“I still dream I am drowning,” she says to me. “Some mornings I wake up and I can’t catch my breath, can’t make my lungs take in air, again.
“I can’t stand it. I still see water everywhere, how the bottoms of trees are still so dirty, even with all of this rain. And I see that other people don’t see it. I feel like I’m seeing a ghost. The empty shells of houses, the garbage still caught in fences. Everywhere I look is the ghost of water. How can they not see it?”
I had come to ask her about another ghost, a particular Alabaman who seems to haunt all over town with whom it was rumored she’d had a particularly strange run in, but this is what she wanted to talk about, for the little bit that she wanted to talk. She then bowed her head at her dressing table and squeezed her eyes shut. It felt so private that I almost turned away.
And then she sat up straight, wiped each eye with just the edge of her finger, and then followed that with the blotting of a tissue.
“Well,” she said, “No one came to see me being a big ole baby about this.” And so she stared in the mirror, fussing with her hair, trying on two or three different smiles, and finally, sliding into her sequined jacket.
And just like that, she was the singer, grateful and delighted to be performing for her audience, as if she had no care in the world, but how to best entertain you. I was struck by the thought of all the women in this city who have steeled themselves by swallowing their grief, as if showing you a sweet face, no matter the circumstances, was the bodily equivalent of “Bless your heart.”
It was an act designed to wither you, if you knew how to read it. But one you could perform in public and never be taken as rude by the clueless people you meant it towards.
She went over to the door frame with an old tube of lipstick and made a mark, right at chin level, like you would to measure the growth of a child.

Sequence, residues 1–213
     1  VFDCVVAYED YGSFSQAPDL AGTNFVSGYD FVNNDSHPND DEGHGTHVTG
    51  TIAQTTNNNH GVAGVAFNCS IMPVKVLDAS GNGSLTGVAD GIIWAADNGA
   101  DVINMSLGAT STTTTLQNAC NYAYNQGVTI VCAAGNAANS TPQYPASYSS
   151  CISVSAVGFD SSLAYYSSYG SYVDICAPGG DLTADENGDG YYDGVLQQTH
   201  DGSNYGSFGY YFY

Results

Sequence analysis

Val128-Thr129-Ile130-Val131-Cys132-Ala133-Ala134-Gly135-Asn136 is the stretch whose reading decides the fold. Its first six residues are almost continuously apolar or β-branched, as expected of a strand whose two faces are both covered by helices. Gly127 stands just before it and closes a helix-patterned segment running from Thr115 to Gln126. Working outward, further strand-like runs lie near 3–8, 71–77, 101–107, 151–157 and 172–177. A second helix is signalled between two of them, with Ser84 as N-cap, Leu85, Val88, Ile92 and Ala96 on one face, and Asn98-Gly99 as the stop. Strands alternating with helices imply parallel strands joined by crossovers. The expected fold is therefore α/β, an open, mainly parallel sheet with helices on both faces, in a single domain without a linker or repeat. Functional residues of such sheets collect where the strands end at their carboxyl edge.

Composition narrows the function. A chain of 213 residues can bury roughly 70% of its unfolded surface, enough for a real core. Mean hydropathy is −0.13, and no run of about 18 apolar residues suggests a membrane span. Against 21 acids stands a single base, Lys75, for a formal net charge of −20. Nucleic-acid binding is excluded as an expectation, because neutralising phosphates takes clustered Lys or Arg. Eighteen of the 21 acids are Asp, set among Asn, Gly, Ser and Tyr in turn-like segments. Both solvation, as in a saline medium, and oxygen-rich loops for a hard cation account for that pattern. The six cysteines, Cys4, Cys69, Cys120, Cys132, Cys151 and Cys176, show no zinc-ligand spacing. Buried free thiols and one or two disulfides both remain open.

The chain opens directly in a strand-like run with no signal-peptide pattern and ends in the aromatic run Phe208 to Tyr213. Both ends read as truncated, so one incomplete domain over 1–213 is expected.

“I know,” she said, “We’re all supposed to be over it by now. But I still need this.”
“What is that?” I said.
“That’s how high the water came up in my house. There’s not a place I go now I don’t leave the water’s mark.”
Is it really over? Really? Can’t we have just a few more days in October this year? For just a few more stories?
Aw, thanks! I thought this was a good bunch as well.
This is the one that, when I read it in the book, I stopped and I cried and I said, “this is not a story, this is real.”
Precisely what Miss Nina said. Also, Miss Julie.
I know who I wish this was. Except I don’t wish for her suffering like this.
B, you are something else. We bow to you.
Thanks for another month of great stories. I hate to see them end.
Though election returns offered a horror of their own.
A couple of weeks ago I said I thought your stories were too short, but after reading this years batch I just have to take it back.
I’m still not really a fan of the short story genre, but it works really well for what you’re doing with these stories.
Thanks, W. I think a difference between these and other short stories is that these (especially when you read them in the book) straddle a line between “short story” and “chapter.” Yep, each bit is very short, but I hope it works with the others as a part of a whole story about our area.
straddle a line between “short story” and “chapter.”
Yeah, I like your stories that are more like that (like this one), even as they stand alone. It’s like you’re giving us a short moment in time versus a full storyline. Enough details to just understand what’s going on, but leaving all the rest up to the reader. It’s really a great way of writing.
Rescued as a favorite, I enjoy your blog site!